The Mole
I remember but two places in the Bible where this animal is mentioned. One is in
Leviticus, where it is named among the unclean animals which the Israelites were
forbidden to eat; and the other is this verse in the second chapter of Isaiah: "In that
one for himself to worship, to the moles and to the bats." Have you read about the
first missionaries who went to the Sandwich Islands? And do you remember that
although the people had always been worshippers of idols, they had cast them all away
just before the missionaries came? That was a very wonderful thing to happen; and it
seems as though God was making these poor people ready to hear about the Savior,
when the missionaries should come. Well, this verse in Isaiah declares that the same
thing will happen by and by over the whole earth. You know that there are now millions
and millions of poor heathen who worship nothing but images of gold, or brass, or
stone; but the day is coming when not an idol shall be seen, and no being shall be
worshipped but the true God. The mole lives under ground, and the bat in gloomy, dark
caves where nobody thinks of going; so when it is said that the idols shall be "Cast to
the moles and to the bats," it means that they shall be thrown away in dark and
neglected places, just as we throw away old shoes, or any thing that we care nothing
about. Will you try to remember this verse about the idols? Perhaps you may live to
see the near approach of that day.
The mole is a very curious animal in its appearance and in its manner of living. It is
almost always under ground, and we should think that the little creature could not be
very happy; but its skin is as smooth and handsome as that of any animal, and it
seems very well contented with its dark home. God made it to live there, and he has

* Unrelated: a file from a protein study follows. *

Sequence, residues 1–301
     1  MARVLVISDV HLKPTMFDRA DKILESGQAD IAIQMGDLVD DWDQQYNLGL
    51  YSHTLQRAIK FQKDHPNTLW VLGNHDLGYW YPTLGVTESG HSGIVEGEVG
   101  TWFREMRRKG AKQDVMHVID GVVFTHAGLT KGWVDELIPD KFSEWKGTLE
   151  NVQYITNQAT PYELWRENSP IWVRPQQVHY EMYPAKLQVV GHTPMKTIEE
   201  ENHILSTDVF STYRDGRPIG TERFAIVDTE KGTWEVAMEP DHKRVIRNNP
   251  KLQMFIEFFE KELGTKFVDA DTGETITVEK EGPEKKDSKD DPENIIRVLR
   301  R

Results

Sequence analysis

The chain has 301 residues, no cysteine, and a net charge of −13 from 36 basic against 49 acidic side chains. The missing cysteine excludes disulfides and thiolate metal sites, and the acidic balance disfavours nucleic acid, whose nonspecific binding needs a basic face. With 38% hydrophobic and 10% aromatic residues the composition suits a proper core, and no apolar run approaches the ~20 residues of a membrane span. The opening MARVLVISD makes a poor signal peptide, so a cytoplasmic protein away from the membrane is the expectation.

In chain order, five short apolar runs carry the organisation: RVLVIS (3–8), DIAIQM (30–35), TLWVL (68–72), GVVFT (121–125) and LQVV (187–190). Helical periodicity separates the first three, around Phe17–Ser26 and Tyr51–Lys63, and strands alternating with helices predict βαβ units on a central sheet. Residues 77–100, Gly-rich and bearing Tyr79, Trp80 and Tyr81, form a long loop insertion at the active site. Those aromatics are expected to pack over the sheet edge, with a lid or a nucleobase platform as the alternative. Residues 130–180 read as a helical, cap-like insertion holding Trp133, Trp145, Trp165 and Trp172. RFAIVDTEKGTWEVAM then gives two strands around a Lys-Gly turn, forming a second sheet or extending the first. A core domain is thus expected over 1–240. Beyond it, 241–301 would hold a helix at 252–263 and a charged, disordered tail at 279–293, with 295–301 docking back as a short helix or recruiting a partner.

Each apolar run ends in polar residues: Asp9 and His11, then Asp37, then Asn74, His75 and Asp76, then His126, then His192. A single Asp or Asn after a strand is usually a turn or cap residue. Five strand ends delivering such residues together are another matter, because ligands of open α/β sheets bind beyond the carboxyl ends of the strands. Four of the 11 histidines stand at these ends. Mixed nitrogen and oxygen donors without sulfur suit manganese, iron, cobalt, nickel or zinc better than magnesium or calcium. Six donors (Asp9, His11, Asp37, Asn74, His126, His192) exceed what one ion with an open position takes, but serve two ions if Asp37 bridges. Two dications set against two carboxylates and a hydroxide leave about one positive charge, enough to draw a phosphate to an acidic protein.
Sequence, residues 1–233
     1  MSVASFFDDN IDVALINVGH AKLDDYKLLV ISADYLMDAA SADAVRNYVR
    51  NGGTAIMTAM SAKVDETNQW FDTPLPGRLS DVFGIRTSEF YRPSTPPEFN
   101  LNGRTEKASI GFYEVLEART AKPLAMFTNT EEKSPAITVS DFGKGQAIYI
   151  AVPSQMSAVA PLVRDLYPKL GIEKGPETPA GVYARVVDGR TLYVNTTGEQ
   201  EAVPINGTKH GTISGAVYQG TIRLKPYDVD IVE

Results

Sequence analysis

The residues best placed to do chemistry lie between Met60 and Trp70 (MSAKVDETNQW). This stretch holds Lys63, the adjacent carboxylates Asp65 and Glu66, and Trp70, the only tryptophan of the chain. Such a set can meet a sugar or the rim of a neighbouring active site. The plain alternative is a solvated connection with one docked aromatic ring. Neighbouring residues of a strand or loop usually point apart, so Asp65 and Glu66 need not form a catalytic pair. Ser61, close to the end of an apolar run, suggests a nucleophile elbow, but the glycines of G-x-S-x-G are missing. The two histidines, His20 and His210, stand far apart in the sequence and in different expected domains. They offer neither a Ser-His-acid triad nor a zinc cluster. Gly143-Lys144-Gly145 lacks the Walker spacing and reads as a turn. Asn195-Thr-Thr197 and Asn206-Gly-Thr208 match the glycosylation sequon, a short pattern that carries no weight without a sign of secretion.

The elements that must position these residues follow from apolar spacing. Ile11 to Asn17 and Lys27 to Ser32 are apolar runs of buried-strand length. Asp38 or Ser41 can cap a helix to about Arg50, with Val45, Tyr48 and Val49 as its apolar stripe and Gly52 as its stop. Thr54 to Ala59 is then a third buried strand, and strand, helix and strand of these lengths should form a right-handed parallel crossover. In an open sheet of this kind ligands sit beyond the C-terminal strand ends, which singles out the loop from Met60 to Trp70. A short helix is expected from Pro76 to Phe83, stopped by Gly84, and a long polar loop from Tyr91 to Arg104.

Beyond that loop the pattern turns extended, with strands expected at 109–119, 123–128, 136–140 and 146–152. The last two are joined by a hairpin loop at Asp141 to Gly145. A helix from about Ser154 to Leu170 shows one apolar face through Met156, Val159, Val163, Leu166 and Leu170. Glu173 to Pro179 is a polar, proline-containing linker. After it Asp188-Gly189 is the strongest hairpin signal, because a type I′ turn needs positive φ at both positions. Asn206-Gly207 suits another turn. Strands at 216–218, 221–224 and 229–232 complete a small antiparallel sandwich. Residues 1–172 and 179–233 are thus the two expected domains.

given it just such a body at it needs. It is covered with fine, short, silky hair, almost
like soft velvet, so that the earth does not stick to it; and its legs are very short, so as
not to be in the way. If its legs were long it could not get through the ground very well,
you know. Its eyes are very small, because it does not need to see much, and they are
almost buried too under its soft fur, which keeps out all the dust and dirt. The opening
of the ear is covered in the same way, so that nothing can hurt it.
Its fore-paws are made broad like a shovel, and are very strong; each one, too, has
five short fingers with which the earth can be removed. The nose is sharp and bony,
and this helps the mole to work its way through the earth. They throw up the earth
when they make their houses under ground, and in this way mole-hills are made. They
like to work at morning and evening, and also after a shower, when the earth is damp
and soft, and easily moved.
The mole is larger than a mouse, but not as large as a rat. It eats insects and worms,
and sometimes the roots of plants.